Could you please tell me about the assignment charges. And can you provide me upto my due dates.
You will be assigned a scenario from the real world where there is a certain level of evidence supporting the existence of a public health problem and a competing scenario. For example, with a high proportion of the Australian population being vitamin D deficient, would increased sun exposure be a good idea, considering the already high rates of melanoma? What evidence exists to support one strategy over another? Is the question soluble, or do we not have the evidence yet? What evidence would we need?
Over the period of the first 4 weeks of the course (or in the workshop for those attending) you will be asked to rapidly assess the evidence, and then compare and contrast the scenarios of other students. You will be then asked to discuss how an evidence base may be established to enable a discussion making process on which, if any, of the two contrasting problems is the one to give more credence to. Lastly you will be asked to distil your findings into a 3 slide presentation outlining what you have learnt, examining the problem, and discussing potential lines of study to resolve the issue.
You will be asked to submit a 1200 word report on the issue, the weight of evidence and the potential way the question could be resolved through future research or filling knowledge gaps.
To summarise, this task involves attendance at the workshop (external students), online workshop completion (non-attending external students) or weekly class (internal students), contribution to your presentation, involvement in planning and your topic report.
This first part of the task is structured a little differently depending on your mode of attendance:
1. External students who do attend the recommended workshop will receive their topics early on day 1. Through the workshop there will be opportunities to find out more about the topic, discuss similarities and differences between the topics assigned to each student. By the end of the workshop, each external student will be expected to deliver a brief presentation (3 slides/3 minutes) to the class about the key health concerns, risks and/or benefits associated with the two topics and a strategy and plan for information gathering to address the issues raised. This will be done in the fashion of a media brief by a scientific expert or a policy expert briefing a Health Minister.
2. External students who cannot attend the workshop and do the required alternative online component will need to complete the group work plan within the first three weeks of Semester by March 16. To achieve this, you will be required to participate with other students online. This will involve a discussion with other students on the similarities and differences between scenarios being worked on. The second discussion in week 3 will be around how best to generate an evidence base to answer the question on which is the best direction to pursue for public health maintenance. This group will be provided a discussion forum (see Scenario discussion space) where you will participate in identifying the key areas to be discussed and debating the similarities and differences between scenarios with other external members who could not attend the workshop.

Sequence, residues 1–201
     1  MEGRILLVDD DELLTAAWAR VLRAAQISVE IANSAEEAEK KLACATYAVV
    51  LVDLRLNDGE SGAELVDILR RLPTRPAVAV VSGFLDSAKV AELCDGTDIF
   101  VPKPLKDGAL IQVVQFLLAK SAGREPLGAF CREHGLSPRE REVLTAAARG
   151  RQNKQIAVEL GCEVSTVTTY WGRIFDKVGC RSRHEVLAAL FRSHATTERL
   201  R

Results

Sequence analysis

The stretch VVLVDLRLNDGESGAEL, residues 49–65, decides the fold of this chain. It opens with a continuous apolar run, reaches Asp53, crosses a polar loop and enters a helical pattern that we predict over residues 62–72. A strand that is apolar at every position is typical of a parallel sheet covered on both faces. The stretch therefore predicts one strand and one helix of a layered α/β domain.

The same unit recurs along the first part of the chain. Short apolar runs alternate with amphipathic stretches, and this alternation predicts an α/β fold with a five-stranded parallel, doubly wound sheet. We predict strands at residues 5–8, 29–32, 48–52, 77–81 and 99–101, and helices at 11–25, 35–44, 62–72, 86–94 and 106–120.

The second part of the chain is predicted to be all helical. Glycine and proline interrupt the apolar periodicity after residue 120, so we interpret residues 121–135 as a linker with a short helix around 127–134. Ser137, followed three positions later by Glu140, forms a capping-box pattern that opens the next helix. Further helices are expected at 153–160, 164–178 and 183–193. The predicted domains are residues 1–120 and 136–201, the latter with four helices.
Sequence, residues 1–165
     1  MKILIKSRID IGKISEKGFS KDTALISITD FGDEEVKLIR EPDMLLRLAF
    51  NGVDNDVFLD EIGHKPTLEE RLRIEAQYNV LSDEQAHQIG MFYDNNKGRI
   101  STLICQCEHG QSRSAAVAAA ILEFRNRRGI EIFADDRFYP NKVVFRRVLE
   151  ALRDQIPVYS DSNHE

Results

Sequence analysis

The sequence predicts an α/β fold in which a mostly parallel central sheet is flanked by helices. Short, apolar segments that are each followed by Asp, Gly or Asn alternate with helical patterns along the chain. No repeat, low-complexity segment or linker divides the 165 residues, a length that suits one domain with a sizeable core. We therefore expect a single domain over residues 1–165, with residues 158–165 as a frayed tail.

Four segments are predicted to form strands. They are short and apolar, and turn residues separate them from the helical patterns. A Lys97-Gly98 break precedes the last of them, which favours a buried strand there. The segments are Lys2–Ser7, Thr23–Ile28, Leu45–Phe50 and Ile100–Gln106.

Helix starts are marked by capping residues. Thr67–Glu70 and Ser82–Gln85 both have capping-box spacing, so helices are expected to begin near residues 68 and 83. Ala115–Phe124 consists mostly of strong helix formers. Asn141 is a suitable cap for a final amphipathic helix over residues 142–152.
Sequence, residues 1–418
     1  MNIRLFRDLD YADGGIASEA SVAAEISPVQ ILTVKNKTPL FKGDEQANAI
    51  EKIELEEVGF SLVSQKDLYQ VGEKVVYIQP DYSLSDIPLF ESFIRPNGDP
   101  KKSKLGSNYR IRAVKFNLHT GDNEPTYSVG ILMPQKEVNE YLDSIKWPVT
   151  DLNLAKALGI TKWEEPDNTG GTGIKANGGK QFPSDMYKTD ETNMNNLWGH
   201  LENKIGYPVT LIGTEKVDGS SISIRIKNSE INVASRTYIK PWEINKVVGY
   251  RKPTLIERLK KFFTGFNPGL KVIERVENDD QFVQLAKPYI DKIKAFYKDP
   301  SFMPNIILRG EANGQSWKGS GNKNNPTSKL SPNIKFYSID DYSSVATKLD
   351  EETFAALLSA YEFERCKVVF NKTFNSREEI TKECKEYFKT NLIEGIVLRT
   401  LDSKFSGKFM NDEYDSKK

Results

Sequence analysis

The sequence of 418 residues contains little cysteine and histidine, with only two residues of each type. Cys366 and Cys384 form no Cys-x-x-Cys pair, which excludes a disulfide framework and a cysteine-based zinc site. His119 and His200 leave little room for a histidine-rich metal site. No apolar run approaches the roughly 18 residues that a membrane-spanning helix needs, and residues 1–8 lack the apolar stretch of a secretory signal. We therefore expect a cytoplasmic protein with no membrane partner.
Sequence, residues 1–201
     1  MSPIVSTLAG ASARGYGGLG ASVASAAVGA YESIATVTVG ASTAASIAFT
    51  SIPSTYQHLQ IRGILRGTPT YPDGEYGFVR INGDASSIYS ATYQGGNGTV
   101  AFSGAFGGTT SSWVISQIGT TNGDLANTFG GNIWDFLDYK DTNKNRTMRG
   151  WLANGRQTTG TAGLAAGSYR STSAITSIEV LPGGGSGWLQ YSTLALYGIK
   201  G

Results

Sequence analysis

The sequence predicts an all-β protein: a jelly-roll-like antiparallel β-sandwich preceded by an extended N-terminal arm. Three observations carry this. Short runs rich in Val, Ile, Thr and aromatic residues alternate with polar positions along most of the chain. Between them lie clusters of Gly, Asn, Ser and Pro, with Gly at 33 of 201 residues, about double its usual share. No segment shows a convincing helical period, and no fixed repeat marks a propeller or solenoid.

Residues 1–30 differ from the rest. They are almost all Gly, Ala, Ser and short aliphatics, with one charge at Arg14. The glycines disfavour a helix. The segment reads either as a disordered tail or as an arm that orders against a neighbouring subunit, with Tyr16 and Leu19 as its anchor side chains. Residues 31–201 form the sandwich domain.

By March 23, each external student who did not attend the workshop will be expected to upload a brief presentation (3 slides, with notes if necessary) to the class about the key health concerns, risks and/or benefits associated with the topic and a strategy and plan for information gathering to address the issues raised. This will be done in the fashion of a media brief by a scientific expert, or a policy expert briefing a Health Minister.
3. Internal students will be doing the same task in the first three weeks of class (2, 9 and 16 March). In class, you will have time to examine some provided literature on the topic to work and workshop your given scenarios with other students to examine similarities and differences between them. Frameworks and tools will be provided to facilitate your contribution.
By March 23, each group of internal students will be expected to deliver a brief presentation to the class about the key health concerns, risks and/or benefits associated with the topic and the group’s strategy and plan for information gathering to address the issues raised.
Researching and Communicating
Over the following weeks, you will examine the literature in this area and communicate with your colleagues’ online (external) and in class (internal) about each others’ progress.
Where possible, use peer-reviewed journal articles, reputable academic reports and government documents where possible - avoiding reports from industry and advocacy groups. Keep in mind, however, that industry or advocacy group reports and quality media articles (i.e. those that provide citations from research, for example the Guardian Environment or The Conversation can help point you in the direction of relevant peer-reviewed published studies.
We encourage you to share articles or highlight important aspects of the scenario that relate to other people’s topics as you explore the literature related to your own. This aspect is optional and will not be considered directly in the marking, but participation may enhance your and others’ topic reports by stimulating ideas and sharing resources.
Each group member is then required to prepare a formal report about their individual topic area and submit it through Turnitin on Week 5 (Friday, March 28).
Your report will cover the aspect of the scenario that you have researched, with a general background on your own topic area informed by the recent literature, plus a detailed analysis of your topic as it specifically relates to the scenario context. You can propose potential causal links but do not provide opinions on the merit of the activity or make recommendations. The length for Assessment 1 is 1200 words.